Inadequate preventive mechanisms and loopholes in weather forecasting are to blame for the damage caused by recent torrential rains in different parts of the country.
A number of rain-related risks and incidents in recent weeks, including deaths and extensive damage to property such as houses, public infrastructure as well as crops have raised fears that the country is inadequately prepared for the heavy rainfall expected from this season to early next year.
At least 20 people have died and 57 injured in the rainy season, which started in August with many blaming the fatalities, damage to property and loss of livestock and crops on poor planning and failure of government agencies to provide appropriate forecasting information.
“If we had been given information early, we would have prepared ourselves to deal with the rain or evacuate,” said Philippe Habinshuti, a resident of Kamonyi, South of Kigali, who lost livestock and crops after last weeks’ torrential rain.
Figures from the Ministry of Disaster Management and Refugees (Midimar) as of October 11 indicate that 20 people were killed after rain destroyed their houses, or were buried by landslides or drowned in flash floods in the different parts of the country, while 57 have sustained injuries.
Rains are expected to continue through November, December and first months of 2018.
The ministry recorded over 24,000 houses and over 100 classrooms destroyed, while around 60 electricity transmitters were damaged. Available figures show that over 1,500 hectares of crops have been destroyed by torrential rain countrywide.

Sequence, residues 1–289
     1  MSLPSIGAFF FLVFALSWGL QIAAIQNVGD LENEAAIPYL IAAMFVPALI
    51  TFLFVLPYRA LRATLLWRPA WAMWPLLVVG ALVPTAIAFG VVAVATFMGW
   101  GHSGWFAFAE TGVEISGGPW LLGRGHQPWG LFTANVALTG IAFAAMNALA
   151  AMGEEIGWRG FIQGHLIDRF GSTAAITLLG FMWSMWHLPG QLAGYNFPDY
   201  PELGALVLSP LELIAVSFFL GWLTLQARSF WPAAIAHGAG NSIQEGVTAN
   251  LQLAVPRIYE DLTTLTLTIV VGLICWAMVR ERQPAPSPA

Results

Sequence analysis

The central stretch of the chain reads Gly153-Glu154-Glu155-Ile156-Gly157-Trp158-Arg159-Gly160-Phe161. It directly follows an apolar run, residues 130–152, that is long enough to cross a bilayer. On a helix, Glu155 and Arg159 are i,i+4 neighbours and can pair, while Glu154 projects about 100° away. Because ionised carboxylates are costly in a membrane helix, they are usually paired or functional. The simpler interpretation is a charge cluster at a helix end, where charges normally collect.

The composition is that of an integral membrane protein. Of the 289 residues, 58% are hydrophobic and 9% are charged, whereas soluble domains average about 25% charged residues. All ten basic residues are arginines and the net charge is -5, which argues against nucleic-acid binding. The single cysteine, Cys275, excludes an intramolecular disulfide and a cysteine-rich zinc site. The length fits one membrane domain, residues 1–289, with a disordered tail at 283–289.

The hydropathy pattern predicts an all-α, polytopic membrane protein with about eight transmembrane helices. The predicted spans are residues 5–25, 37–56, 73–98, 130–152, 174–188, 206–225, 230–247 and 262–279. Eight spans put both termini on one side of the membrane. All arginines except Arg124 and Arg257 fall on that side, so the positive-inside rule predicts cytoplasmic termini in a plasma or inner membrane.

The weather-related calamities have left numerous households dependent on agriculture counting their losses after they lost livestock and crops in flash rains and floods.
The southwestern, eastern and northern parts of the country are most affected, with Rusizi and Nyamasheke districts in western province sustaining most damage.
According to the ministry officials, the rain-related disasters are partly attributed to loopholes in the forecast information given out.
“We are still struggling with inadequate preventive mechanisms on the ground due to forecast disparities with the reality of what actually happens when it rains,” said Philippe Habinshuti, the Director of Response and Recovery Unit at Midimar.
As it is, Rwanda Meteorological Agency (Meteo) only forecasts the rain but does not provide information on how devastating the rain and accompanying winds will be.
“If we would get such information, it would help us and the people set up possible preventive mechanisms in advance like roof fixing and evacuation,” said Mr Habinshuti.
According to the ministry, besides the forecasts being too general, there are limited preventive mechanisms on ground aligned for disaster risks reduction.
Mr Habinshuti said that lack of water catchments and failure to rehabilitate existing ones makes many parts of the country vulnerable to flooding.
Meteo Rwanda blames the loopholes in its forecasts on limited resources and channels through which to communicate to the targeted groups.
According to Anthony Twahirwa, the Weather Services and Application Division manager within Meteo Rwanda, lack of adequate knowledge and skills by risk reduction workers to interpret and analyse the forecasts provided to them is also to blame.
Climate change has been blamed for extreme weather patterns in recent years, including unusual torrential rains over a short period, spelling doom for ill-prepared communities.